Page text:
• The upper shields 186, 886 and/or the lower shield 180 have exposed surfaces facing the interior volume in the chamber 100, 800. In one embodiment, the exposed surfaces are bead blasted to have a surface roughness of 175±75 microinches. The texturized bead blasted surfaces serve to reduce particle shedding and prevent contamination within the chamber 100, 800. The surface roughness average is the mean of the absolute values of the displacements from the mean line of the peaks and valleys of the roughness features along the exposed surface. The roughness average, skewness, or other properties may be determined by a profilometer that passes a needle over the exposed surface and generates a trace of the fluctuations of the height of the asperities on the surface, or by a scanning electron microscope that uses an electron beam reflected from the surface to generate an image of the surface.
  • While the foregoing is directed to embodiments of the present invention, other and further embodiments of the invention may be devised without departing from the basic scope thereof, and the scope thereof is determined by the claims that follow.

Claims (25)

  1. 1. A collimator for mechanical and electrical coupling with a shield member positioned between a sputtering target and a substrate support pedestal, comprising:
    a central region; and
    a peripheral region, wherein the collimator has a plurality of apertures extending therethrough and wherein the apertures located in the central region have an aspect ratio higher than the apertures located in the peripheral region.
  2. 2. The collimator of claim 1, wherein a thickness of the collimator is greater in the central region than in the peripheral region.
  3. 3. The collimator of claim 1, wherein the aspect ratio of the apertures decreases continuously from the central region to the peripheral region.
  4. 4. The collimator of claim 3, wherein a thickness of the collimator continuously decreases from the central region to the peripheral region.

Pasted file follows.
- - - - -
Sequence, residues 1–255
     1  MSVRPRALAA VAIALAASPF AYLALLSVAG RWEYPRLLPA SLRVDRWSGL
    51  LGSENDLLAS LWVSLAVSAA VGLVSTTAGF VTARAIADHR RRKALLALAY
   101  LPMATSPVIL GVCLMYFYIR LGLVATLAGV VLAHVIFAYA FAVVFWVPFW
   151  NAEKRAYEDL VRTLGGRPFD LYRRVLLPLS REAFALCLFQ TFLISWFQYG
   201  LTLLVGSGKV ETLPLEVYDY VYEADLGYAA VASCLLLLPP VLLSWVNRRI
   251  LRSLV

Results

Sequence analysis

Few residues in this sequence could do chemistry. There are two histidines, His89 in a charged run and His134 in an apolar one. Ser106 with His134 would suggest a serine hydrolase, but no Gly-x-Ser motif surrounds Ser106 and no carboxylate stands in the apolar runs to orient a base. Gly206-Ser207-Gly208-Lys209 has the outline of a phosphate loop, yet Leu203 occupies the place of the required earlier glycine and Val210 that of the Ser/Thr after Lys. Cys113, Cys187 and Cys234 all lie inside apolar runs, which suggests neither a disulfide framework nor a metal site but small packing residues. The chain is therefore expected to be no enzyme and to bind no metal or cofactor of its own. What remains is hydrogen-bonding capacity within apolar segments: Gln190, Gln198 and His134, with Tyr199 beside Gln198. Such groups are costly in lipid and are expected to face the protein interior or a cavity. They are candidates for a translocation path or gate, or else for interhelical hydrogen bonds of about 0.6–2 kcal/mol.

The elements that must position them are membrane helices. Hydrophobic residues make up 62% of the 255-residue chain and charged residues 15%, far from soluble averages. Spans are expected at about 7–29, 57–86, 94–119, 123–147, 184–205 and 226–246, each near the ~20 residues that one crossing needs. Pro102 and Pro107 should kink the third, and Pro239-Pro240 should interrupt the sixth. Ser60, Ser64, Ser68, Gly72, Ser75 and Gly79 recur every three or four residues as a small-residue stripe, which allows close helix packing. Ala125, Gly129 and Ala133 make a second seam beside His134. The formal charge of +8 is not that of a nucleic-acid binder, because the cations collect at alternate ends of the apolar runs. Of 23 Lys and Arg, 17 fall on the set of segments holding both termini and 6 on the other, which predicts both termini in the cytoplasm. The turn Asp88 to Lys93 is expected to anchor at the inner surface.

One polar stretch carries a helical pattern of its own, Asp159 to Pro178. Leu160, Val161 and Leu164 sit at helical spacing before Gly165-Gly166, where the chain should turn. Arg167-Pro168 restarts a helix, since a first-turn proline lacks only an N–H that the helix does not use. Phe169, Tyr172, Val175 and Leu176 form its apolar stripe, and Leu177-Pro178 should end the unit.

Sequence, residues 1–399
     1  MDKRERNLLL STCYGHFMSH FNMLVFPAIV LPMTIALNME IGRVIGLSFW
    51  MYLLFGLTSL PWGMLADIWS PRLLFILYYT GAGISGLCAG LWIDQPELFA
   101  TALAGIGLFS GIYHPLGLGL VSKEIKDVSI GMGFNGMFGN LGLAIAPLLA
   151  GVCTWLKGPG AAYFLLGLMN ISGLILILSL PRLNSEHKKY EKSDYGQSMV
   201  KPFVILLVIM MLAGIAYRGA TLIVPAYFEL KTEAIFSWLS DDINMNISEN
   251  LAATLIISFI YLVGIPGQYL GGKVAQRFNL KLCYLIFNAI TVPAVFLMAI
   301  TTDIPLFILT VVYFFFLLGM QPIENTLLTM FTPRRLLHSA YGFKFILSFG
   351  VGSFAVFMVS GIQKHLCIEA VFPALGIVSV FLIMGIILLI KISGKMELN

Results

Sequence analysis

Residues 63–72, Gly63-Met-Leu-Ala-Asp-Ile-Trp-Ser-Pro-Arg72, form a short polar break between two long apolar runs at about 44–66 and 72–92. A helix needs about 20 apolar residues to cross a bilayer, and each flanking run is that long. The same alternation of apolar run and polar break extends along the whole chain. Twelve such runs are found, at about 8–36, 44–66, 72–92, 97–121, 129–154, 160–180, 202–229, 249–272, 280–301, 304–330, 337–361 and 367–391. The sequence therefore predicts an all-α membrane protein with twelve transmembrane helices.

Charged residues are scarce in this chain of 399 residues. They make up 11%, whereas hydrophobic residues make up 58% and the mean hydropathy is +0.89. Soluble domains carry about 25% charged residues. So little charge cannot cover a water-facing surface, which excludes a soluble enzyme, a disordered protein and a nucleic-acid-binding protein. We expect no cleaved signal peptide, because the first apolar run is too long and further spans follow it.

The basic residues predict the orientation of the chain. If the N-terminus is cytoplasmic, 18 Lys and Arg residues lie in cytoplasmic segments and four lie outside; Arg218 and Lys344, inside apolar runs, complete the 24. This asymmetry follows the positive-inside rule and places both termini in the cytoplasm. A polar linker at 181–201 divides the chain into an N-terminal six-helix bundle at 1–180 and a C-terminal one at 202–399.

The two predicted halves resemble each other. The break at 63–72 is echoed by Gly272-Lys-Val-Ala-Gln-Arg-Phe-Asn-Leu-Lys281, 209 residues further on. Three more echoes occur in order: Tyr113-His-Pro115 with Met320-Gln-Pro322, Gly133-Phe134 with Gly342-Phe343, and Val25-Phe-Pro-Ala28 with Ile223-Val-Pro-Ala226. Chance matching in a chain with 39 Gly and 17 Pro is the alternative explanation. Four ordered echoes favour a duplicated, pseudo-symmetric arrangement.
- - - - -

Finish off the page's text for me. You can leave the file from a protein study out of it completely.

5. 5. The collimator of claim 1, wherein the aspect ratio of the apertures decreases linearly from the central region to the peripheral region.
  6. 6. The collimator of claim 5, wherein a thickness of the collimator decreases linearly from the central region to the peripheral region.
  7. 7. The collimator of claim 1, wherein the aspect ratio of the apertures decreases nonlinearly from the central region to the peripheral region.
  8. 8. The collimator of claim 7, wherein a thickness of the collimator decreases nonlinearly from the central region to the peripheral region.
  9. 9. The collimator of claim 1, further comprising a bracket for coupling the collimator with the shield member, the bracket comprising:
    an externally threaded member; and
    an internally threaded member engaged with the externally threaded member.
  10. 10. A lower shield for encircling a substrate support pedestal that faces a sputtering target in a substrate processing chamber, comprising:
    a cylindrical outer band having a first diameter dimensioned to encircle the sputtering surface of the sputtering target and the substrate support pedestal, the outer cylindrical band comprising:
    a top portion that surrounds a sputtering surface of the sputtering target;
    a middle portion; and
    a bottom portion that surrounds the substrate support pedestal;
    a support ledge having a resting surface and extending radially outward from the cylindrical outer band;
    a base plate extending radially inward from the bottom portion of the cylindrical outer band; and
    a cylindrical inner band coupled with the base plate and partially surrounding a peripheral edge of the substrate support pedestal.
  11. 11. The lower shield of claim 10, wherein the top portion comprises:
    a top surface
    an inner periphery; and
    an outer periphery, wherein the outer periphery extends upward above the top surface to form an annular lip, the annular lip forming a stepped portion with the top surface for interfacing with the upper shield.